This goes against the prominent beliefs in modern educational systems, in which learning on one’s own, for the sake of accumulating knowledge and skills, is typically preferred.

Instead, however, Prof. Lieberman notes that “when you’re socially motivated to learn, the social brain can do the learning and it can do it better than the analytical network that you typically activate when you try to memorize.”

A study published last year also found that maintaining close friendships later in life could help to prevent mental decline.

The research — led by scientists at the Cognitive Neurology and Alzheimer’s Disease Center at Northwestern University Feinberg School of Medicine in Chicago, IL — found that “SuperAgers,” defined as people aged 80 and above but who have the mental agility of much younger people, appear to have one thing in common: close friends.

“While both SuperAgers and [their peers with average cognitive performance] endorsed high levels of psychological well-being,” explain the authors, “SuperAgers endorsed greater levels of positive social relationships than their cognitively average-for-age peers.”

Several recent studies have also linked social connection with physical health benefits, and better habits with a more healthful lifestyle. Researchers at Maastricht University Medical Centre in the Netherlands saw that socially active individuals have a decreased risk of type 2 diabetes.

In contrast, individuals who did not participate in social activities, such as going out with friends or joining a club, had a 60 percent higher risk of developing a condition called “prediabetes,” which generally predates diabetes.

It might be that just being around people who encourage us to keep healthful habits or achieve challenging lifestyle goals could help us to remain mindful of our eating, exercise, and other lifestyle-related habits.

A recent study has also found that people who exercised in a group rather than on their own had decreased stress levels and had better mental and physical well-being at the end of a 12-week fitness program.

Their peers who went for solo fitness sessions, or who exercised with only one partner, did not experience the same improvements.

“The communal benefits of coming together with friends and colleagues, and doing something difficult, while encouraging one another, pays dividends beyond exercising alone,” notes the study’s lead author.

Finally, enjoying close social ties — with friends, partners, or family members — can make us happy and improve our overall life satisfaction in the long run.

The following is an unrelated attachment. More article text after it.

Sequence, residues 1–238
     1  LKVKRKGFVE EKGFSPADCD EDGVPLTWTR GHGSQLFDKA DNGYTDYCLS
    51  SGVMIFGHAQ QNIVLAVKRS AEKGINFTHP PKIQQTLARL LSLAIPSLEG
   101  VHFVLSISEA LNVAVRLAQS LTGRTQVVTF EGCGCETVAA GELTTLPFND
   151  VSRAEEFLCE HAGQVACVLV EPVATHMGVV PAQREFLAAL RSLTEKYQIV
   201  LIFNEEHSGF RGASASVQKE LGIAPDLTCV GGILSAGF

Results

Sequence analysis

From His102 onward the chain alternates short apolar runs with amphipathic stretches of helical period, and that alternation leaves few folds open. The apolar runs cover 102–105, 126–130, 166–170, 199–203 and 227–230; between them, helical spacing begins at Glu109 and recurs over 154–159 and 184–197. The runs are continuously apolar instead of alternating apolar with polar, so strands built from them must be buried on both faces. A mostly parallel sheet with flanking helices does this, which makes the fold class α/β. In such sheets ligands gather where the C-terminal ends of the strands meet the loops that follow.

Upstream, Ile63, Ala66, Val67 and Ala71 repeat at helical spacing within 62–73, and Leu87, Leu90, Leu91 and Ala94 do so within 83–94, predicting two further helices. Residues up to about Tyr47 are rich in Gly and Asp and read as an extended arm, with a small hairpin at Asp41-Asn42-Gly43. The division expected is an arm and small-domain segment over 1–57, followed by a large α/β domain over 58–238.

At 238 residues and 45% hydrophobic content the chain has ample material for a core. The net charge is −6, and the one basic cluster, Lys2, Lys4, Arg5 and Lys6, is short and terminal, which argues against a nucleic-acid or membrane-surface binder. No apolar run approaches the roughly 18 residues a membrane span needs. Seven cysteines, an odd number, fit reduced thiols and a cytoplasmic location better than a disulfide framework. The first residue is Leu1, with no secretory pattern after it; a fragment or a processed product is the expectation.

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An active social life has been linked to a stronger sense of well-being and a longer life span.

Studies have shown that those who enjoy close friendships over their teenage years aren’t just happy as adolescents; they also have a lower rate of depression or anxiety later in life.

Similar trends have been observed in the case of older adults. Research published in 2016 revealed that seniors who “liv[e] a socially active life and prioritiz[e] social goals [have] higher late-life satisfaction.”

Interestingly, researchers who have studied the inhabitants of so-called Blue Zones around the world — places with a high number of SuperAgers who live to ripe old age while maintaining good health and cognitive function — have noted that while other elements related to diet and lifestyle varied widely, they all appeared to be dedicated to being highly socially active.

Dr. Archelle Georgiou, who studied SuperAgers on the isolated island of Ikaria in Greece, saw that they were constantly surrounded by family, neighbors, and other members of their community, and that they all actively supported each other.

Ikarians, Dr. Georgiou found out, got together almost every evening to destress and shed the worry load of the day.

Similarly, the authors of Ikigai: The Japanese Secret to a Long and Happy Life, who interviewed the supercentenarians of the village Ogimi — in the Japanese prefecture of Okinawa — saw that being socially connected was key in these people’s lives.

It is customary in Okinawa to form close bonds within local communities. A moai is an informal group of people with common interests who look out for one another. For many, serving the community becomes part of their ikigai [life purpose].”

The authors explain that members of a moai “maintain emotional and financial stability,” as all the other members of their group help them out if they’re in trouble or going through rough times.

Granted, being socially active is not necessarily something that all of us can do all the time. We just need a little space sometimes, and that’s O.K.; enjoying our own company helps us to get to know ourselves better and develop some of our inner strengths.

However, at least occasionally, socializing with people — whether they’re our close friends or new acquaintances — can allow us to get out of our own heads a little and gain fresh insights about the world.

Being happier, learning better, and living longer are all advantages that should motivate even the most dedicated of loners to get out there and mingle. Now close your browser and give that old friend of yours a call.